Compared to the vast trove of information available on the Roman army of the 4th century, virtually nothing is known of the Goth fighting organization—if there was one. Nevertheless, the Goths were not mere wild men, as popularly portrayed in Roman and later accounts. Many had served in Roman armies and knew how to wield a sword, spear or battle-ax with skill. Such weapons were more of a threat to the Romans than in previous centuries due to changes in the Roman infantry. Because of reductions in available funds for military spending, the Roman soldier wore less metal armor, his shield was smaller and rounder and, to compensate, his short stabbing gladius had been replaced by a sword longer than the one he had used in the 1st century. Roman infantry formations were still formidable but had lost some of the invincible aura they had enjoyed in the imperial heyday.
The Goths often fought from a laager, a group of wagons arranged in a circle, from which they would dart out to do battle, then quickly return. This amounted to a mobile fortress that could protect them no matter where they fought.
In the fall of 376, the Romans agreed to help Fritigern’s people cross the Danube and settle in the province of Moesia. In 377, however, a famine struck the Roman areas settled by the Visigoths, and their appeals for help went unanswered by the Roman authorities. The magister militum (governor-general) of the area, Lupicinus, and his dux secundae, Magnus Maximus, treated the Visigoths badly, forcing them to pay exorbitant prices for food and keeping Goth women as concubines.
As the Goths became restive, Lupicinus invited Fritigern, Alaviv and other Visigoth chieftains to a banquet at his headquarters in Marcianople, planning to make them hostages to keep their tribes in line. His plan failed—a fight broke out and the Romans killed Gothic escorts and Alaviv, but Fritigern managed to fight his way out of the trap.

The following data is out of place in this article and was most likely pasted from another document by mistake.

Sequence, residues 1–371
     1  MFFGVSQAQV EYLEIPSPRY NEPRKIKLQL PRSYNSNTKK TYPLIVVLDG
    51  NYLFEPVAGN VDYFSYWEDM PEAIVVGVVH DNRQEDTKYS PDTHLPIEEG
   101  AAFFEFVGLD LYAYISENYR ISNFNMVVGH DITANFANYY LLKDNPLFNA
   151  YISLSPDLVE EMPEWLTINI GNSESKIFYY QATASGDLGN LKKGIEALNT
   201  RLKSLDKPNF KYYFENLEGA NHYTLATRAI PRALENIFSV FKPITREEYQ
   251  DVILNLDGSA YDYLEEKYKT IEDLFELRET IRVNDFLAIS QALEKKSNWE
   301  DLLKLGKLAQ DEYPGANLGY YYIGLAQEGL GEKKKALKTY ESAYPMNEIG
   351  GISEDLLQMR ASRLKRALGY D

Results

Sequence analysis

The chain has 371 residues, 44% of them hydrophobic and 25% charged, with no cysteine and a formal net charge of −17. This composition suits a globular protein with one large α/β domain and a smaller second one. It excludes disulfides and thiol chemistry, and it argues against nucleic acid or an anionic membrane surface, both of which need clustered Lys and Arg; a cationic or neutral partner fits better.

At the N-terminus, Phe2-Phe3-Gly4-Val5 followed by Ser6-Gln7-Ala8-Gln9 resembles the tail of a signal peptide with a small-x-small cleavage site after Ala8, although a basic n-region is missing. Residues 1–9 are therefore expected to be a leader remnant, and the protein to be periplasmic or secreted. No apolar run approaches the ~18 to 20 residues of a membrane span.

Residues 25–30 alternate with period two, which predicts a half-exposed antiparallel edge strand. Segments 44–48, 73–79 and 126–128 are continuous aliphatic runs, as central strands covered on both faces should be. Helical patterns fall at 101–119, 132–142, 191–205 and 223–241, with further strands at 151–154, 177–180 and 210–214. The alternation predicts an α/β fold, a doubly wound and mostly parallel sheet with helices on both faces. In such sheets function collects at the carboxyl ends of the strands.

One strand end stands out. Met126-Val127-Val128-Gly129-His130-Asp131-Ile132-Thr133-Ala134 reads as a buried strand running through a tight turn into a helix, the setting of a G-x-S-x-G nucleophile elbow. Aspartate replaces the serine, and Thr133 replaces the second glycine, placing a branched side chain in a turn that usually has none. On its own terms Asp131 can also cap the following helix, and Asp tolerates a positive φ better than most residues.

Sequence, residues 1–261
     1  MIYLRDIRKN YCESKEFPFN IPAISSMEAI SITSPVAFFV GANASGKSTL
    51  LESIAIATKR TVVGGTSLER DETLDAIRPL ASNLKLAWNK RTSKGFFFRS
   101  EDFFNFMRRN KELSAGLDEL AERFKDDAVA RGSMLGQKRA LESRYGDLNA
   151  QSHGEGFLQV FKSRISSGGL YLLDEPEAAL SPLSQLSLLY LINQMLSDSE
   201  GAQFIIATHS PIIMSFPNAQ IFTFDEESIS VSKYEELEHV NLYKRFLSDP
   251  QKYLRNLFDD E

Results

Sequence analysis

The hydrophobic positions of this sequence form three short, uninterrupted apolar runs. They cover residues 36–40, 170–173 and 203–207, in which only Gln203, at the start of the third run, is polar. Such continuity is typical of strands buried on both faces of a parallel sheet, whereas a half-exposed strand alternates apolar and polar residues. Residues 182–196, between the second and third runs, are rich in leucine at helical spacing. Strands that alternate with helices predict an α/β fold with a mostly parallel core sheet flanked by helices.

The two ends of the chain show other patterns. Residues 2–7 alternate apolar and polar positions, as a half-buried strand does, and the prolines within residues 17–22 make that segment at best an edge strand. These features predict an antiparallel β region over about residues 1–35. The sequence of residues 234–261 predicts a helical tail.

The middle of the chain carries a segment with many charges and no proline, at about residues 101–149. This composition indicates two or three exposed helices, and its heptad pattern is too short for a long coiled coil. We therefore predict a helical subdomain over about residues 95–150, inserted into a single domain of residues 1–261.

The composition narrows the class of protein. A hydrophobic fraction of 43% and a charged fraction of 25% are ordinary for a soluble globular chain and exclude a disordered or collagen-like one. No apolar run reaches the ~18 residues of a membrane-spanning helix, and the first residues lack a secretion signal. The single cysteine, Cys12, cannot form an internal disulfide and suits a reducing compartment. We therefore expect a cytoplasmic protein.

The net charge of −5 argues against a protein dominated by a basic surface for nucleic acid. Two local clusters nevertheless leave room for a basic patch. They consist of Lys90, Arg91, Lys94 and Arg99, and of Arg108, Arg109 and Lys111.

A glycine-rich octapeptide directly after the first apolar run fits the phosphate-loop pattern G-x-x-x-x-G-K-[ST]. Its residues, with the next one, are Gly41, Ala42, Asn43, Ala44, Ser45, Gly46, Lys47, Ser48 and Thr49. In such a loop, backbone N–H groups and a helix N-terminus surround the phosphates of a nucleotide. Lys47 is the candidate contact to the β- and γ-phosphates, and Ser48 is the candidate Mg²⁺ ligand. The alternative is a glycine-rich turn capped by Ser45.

The Tervingians under Fritigern now rose in open revolt, pillaging the countryside surrounding Marcianople. Lupicinus led a small force to confront them nine miles outside the city, only to be overpowered and massacred.
The crisis continued into 378, with the Visigoths holding sway over much of Thrace, an ancient country in the southeastern part of the Balkan Peninsula, reaching north to the Danube and comprising modern Bulgaria and parts of Greece and Turkey.
Emperor Valens and his army were in Thrace, marching west from Adrianople along the Martisa River valley, when news reached him that the Goths were moving south along the Tundzha River. At first he thought it was only a small raiding party, but he soon realized it was a much larger force. He therefore turned back toward Adrianople and established a fortified camp just outside the city.
Located at the western end of the Thracian plain near the Greek border, 130 miles northwest of Constantinople, Adrianople (now Edirne in Turkey) was originally named Hadrianopolis, for the Roman Emperor Hadrian, who built it in ad 125 on the site of the ancient city of Uskudarna. Lying at the confluence of the Martisa, Tundzha and Arda rivers, it had been of geographic and military importance since ancient times.
Holding a conference with his lieutenants during the night of August 8, 378, Valens faced a crucial decision: Should he engage the Goths at once or wait for his young nephew and co-emperor, Gratian, to join him? This question resulted in a rift among his senior officers. The more cautious among them recommended that Valens wait and allow Gratian to arrive with his army. The Romans could then move as a combined force to fight a stronger battle and wipe out the entire Goth threat. Gratian’s western contingent was not many days’ march away, they argued, and communications between the two armies had already been established.